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Snyder: Michigan pension tax will stand despite surplus

Steve Carmody/Michigan Radio
Gov. Rick Snyder (R-MI) (file photo)

DETROIT (AP) - Gov. Rick Snyder says he won't reconsider a controversial tax on income of certain Michigan retirees.

Michigan has a large budget surplus, but Snyder tells The Detroit News that revisiting the 2012 tax is not on his radar. He calls it an issue of fairness, saying pensions shouldn't be treated differently for tax purposes than other retirement income.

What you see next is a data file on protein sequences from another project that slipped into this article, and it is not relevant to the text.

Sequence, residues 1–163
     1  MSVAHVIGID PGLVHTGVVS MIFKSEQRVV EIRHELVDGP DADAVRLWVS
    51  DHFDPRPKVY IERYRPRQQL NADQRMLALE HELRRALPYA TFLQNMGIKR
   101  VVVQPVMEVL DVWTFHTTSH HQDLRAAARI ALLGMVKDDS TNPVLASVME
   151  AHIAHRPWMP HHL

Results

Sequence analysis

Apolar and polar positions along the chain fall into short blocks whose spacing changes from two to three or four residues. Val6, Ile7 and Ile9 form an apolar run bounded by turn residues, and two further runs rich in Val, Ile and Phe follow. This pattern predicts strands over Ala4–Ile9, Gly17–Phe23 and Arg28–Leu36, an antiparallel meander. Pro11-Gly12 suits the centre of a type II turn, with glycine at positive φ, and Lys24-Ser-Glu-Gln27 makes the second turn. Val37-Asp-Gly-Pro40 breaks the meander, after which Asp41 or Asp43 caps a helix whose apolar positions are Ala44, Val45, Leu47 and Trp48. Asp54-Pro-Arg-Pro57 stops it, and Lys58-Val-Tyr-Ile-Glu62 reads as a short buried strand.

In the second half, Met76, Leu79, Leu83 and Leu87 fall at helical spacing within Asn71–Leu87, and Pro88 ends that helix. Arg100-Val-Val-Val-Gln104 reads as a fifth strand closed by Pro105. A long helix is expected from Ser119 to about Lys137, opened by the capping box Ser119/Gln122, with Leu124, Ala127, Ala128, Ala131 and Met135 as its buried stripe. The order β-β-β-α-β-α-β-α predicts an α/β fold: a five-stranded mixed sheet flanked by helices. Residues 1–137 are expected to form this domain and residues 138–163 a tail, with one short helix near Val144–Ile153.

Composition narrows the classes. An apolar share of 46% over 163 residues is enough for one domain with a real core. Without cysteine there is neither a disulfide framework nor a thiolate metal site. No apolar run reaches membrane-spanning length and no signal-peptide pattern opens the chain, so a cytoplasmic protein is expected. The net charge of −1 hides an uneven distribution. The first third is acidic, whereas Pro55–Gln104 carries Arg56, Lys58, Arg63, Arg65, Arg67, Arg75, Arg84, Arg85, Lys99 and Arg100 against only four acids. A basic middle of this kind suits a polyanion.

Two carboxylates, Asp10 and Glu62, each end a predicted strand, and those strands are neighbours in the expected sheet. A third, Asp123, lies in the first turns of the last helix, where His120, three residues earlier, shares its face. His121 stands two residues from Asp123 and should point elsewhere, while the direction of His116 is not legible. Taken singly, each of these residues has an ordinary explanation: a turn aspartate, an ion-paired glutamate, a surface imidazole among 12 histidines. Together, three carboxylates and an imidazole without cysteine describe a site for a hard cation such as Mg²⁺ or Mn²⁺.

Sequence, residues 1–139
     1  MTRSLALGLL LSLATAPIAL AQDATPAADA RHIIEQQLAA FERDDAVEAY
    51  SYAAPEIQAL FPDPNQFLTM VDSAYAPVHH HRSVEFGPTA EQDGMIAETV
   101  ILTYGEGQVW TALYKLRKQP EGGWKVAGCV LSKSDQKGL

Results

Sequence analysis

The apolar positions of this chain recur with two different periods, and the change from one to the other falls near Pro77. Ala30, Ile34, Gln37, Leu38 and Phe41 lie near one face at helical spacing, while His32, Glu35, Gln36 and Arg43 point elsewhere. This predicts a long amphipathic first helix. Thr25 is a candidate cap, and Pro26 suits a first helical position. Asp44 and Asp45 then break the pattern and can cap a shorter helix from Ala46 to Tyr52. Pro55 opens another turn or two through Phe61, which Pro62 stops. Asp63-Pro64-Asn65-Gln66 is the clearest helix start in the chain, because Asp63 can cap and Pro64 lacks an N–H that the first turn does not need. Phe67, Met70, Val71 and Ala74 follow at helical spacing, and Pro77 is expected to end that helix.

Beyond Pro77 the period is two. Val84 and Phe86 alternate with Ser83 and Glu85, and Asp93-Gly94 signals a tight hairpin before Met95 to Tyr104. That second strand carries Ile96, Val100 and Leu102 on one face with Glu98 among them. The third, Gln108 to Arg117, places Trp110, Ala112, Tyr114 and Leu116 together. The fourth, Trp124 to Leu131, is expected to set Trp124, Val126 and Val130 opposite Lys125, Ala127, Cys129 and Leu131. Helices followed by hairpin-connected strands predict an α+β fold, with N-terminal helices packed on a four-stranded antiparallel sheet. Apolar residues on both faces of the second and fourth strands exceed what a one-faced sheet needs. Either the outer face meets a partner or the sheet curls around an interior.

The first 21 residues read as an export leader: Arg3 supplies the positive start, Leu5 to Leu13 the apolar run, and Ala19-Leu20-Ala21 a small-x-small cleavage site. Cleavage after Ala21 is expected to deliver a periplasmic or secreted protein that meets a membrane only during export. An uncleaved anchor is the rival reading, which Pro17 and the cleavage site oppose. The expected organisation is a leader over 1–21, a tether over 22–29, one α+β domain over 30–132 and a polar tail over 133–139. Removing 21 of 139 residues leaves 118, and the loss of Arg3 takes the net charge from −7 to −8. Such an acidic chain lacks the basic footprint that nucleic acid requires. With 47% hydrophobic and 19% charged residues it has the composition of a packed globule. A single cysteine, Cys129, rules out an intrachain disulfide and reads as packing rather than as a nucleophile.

Instead, Snyder says he's looking at increasing the personal tax exemption on the first $4,000 of income.

Income tax now applies to all retirement income for residents born since 1946, whether it's from a public or private pension, 401(k) or IRA. Nonetheless, exemptions can be claimed for up to $20,000 for a single filer and up to $40,000 for joint filers.

The Associated Press is an independent global news organization dedicated to factual reporting.
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